buford's barn cars PORTFOLIO

1956-1958 International Harvester W Weathered Crawler

Finding a model based on a rare tractor you don't see everyday was a challenge I had been trying to tackle for a few weeks. When I found the W450 diesel with the GE Electrall Generator I knew this was what I had been after. As far as I can tell this is the only model with the Electrall Generator available today and, perhaps ever. If you ask me, the idea of having an engine-powered generator on board a tractor is brilliant. While information on the Electrall was not readily available, I was able to find a forum discussing this very tractor (the real one mind you) and how an owner was looking for parts. I reached out to him and ended up having a phone conversation. Russ from Kansas told me how this generator was able to power his entire home when the power went out on many occasions. Now that's a dual-purpose machine! The model you see here is based on a few fuzzy pictures Russ mailed to me. Interesting enough, the paint didn't show much chipping. It was actually dulled and dirtied. Perhaps that's because the paint was saturated with lead. Best not put your dinner on the hood Russ!

FINE DETAILS OF THIS SCALED MODEL

  • The entire tractor was dismantled (what a pain in the neck!) primed and treated a little differently than my typical work. I used a great deal of fading with enamel washes, powders and some sandblasting. I made sure that the "International" and "W450" logos were visible with the exception of the worn-away left side.
  • The tires had to be reworked to bring the tread down. I had to use a hydraulic press to separate the pressure fit rims and tires from the axle. The rears now show many years of use. The fronts are no different. Note that the front tires are worn more on the outside than the inside to reflect the weight imbalance when cornering. Each of the four wheels were coated with several layers of "mud." 
  • The radiator guard was originally solid on this model. I used a Bridgeport machine to very carefully drill out in between the grills and added several bent bars so it was closer to its prototypical big brother. Russ actually said that most of the bent grill guards were from pulling his tractor into the barn and hitting the tools on the wall. He forgot that the brakes started to go bad....in 1976. 
  • Vintage signage from a vast library of vintage material was used to create a "Danger," "Mobil Gas" and "For Sale" sign all loose for a variety of staging.
  • The tractors should be good and greasy! Should the owner stick to their maintenance, many areas should be dripping in goo. You'll find obvious grease marks on joints, engine components, drive gears and anything and everything that moves. This model is just the same.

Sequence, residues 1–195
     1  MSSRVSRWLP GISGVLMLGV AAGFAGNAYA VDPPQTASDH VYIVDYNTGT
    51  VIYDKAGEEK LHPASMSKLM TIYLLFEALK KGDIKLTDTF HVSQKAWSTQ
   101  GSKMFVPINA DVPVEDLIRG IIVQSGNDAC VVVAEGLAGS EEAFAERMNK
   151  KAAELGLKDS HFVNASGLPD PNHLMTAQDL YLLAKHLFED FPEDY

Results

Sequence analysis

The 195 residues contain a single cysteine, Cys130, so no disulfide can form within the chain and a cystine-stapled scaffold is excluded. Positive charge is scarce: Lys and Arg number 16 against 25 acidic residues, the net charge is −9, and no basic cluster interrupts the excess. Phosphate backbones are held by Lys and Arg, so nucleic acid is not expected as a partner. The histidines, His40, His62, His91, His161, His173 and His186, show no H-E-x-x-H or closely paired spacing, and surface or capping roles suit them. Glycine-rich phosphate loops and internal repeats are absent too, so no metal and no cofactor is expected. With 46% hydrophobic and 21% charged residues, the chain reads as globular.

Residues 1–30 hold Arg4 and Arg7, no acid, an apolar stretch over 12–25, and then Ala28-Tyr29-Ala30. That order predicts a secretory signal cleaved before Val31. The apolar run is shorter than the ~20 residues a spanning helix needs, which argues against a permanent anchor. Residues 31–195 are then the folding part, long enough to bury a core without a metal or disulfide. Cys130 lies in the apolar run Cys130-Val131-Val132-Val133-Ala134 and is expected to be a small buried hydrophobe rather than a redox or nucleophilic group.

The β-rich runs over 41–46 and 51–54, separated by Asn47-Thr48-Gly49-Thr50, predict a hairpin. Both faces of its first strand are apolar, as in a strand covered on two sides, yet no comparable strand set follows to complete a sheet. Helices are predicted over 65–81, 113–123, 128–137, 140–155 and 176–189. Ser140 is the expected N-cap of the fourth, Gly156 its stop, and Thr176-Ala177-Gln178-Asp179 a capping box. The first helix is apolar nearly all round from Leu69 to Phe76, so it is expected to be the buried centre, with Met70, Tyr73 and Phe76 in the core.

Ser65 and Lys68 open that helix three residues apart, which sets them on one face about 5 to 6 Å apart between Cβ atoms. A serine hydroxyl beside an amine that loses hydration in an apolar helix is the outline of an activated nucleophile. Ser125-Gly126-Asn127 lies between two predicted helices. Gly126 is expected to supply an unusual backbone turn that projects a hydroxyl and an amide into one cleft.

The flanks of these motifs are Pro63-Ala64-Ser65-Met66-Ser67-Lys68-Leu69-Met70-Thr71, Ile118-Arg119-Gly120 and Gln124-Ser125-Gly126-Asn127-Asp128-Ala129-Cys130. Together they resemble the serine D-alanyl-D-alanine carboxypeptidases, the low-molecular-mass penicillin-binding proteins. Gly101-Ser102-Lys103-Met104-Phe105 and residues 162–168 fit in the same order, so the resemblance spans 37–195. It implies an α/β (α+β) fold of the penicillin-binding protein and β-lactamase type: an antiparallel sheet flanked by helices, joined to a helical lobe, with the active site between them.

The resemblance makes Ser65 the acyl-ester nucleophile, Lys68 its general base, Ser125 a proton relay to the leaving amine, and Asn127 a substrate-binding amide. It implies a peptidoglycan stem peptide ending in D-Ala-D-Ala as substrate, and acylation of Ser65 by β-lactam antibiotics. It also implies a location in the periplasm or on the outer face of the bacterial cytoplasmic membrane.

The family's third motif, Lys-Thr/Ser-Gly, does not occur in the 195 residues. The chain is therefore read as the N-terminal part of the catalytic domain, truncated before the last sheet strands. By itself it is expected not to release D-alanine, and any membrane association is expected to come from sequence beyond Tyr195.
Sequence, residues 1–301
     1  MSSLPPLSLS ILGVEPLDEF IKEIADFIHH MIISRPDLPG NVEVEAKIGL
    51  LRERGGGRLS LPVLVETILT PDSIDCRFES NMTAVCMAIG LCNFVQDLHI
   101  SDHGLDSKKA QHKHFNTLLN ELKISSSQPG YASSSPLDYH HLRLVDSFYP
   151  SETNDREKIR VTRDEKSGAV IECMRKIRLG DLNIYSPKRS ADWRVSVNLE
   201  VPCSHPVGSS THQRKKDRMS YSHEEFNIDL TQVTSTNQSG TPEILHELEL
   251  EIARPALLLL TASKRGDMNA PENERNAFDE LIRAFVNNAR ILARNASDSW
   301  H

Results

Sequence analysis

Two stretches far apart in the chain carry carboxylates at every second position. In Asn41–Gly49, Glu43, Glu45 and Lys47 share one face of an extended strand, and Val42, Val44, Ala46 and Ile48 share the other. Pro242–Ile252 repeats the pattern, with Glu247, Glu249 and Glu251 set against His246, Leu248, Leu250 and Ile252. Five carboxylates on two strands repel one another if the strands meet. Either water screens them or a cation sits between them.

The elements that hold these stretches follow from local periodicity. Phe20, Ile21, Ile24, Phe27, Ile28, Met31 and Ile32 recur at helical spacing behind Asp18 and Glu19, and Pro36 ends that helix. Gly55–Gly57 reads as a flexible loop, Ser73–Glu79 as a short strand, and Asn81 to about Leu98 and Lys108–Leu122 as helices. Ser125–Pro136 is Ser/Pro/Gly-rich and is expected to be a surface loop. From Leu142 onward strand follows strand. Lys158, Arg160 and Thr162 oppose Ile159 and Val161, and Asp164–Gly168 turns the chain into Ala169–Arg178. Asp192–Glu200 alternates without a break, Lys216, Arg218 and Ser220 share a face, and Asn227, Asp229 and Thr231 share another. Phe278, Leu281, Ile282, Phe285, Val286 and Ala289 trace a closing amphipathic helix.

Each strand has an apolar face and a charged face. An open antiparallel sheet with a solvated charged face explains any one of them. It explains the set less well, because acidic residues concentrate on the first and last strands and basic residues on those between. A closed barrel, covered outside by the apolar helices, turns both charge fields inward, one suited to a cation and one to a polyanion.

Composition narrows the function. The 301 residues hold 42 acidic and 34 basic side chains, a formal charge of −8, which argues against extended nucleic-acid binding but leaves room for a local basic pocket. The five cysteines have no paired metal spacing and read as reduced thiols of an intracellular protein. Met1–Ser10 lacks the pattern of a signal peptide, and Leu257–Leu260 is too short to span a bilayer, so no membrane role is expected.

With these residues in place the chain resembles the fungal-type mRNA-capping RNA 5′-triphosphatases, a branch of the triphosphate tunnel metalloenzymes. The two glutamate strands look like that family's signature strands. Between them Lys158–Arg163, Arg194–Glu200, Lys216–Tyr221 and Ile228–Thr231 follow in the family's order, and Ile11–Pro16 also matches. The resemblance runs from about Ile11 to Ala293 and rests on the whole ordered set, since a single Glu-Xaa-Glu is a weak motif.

• Mud can be found on both fenders from being "kicked up" while in high gear.
  • The exhaust pipe was typically non-ferrous and oxidized rather than rusted. The gray paint was stripped off and the white metal was treated in a solution to make it appear true-to-life.

Several modifications were made to the tractor to make it more realistic:

  1. The entire tractor frame was stripped bare, polished clean, sanded then coated to make it appear cast. 
  2. The frame under the engine should have holes for mounting accessories to the front. The "holes" were just concave so I drilled each through.
  3. The seat pans almost always have holes for cooling. I drilled the solid seat appropriately using a drill press and a drill bit that made holes that were to scale.
  4. All areas that you'd expect the driver to touch, grab, rub against etc. have traces of polished metal. I've polished the seat pan, levers, foot rests, petals and areas the driver may place their feet to get to the seat.
  5. The grill was solid from the SpecCast factory. I used a Bridgeport machine and a super small bit to drill the gaps between the guards appropriately, then bend them to show front end damage. 
  6. I made an umbrella to shade the driver. The W450 prototype used for this model had one that was hand made especially to the owner's specifications. The vertical pipe and umbrella supports were made from galvanized conduit. The top cloth was a brown marine vinyl surface that had algae growth from water sitting on the surface. I matched it as closely as possible using brown tightly woven cloth and styrene rods painted with flat black enamels then coated with stone gray weathering powders.
  7. The GE Electrall Generator was very lightly sanded with 0000 steel wool which allows for easy blending of slightly moistened weathering powders, then streaked and scratched for a full effect.
  8. The exhaust was solid so I drilled it with a drill press leaving as thin a wall as possible.

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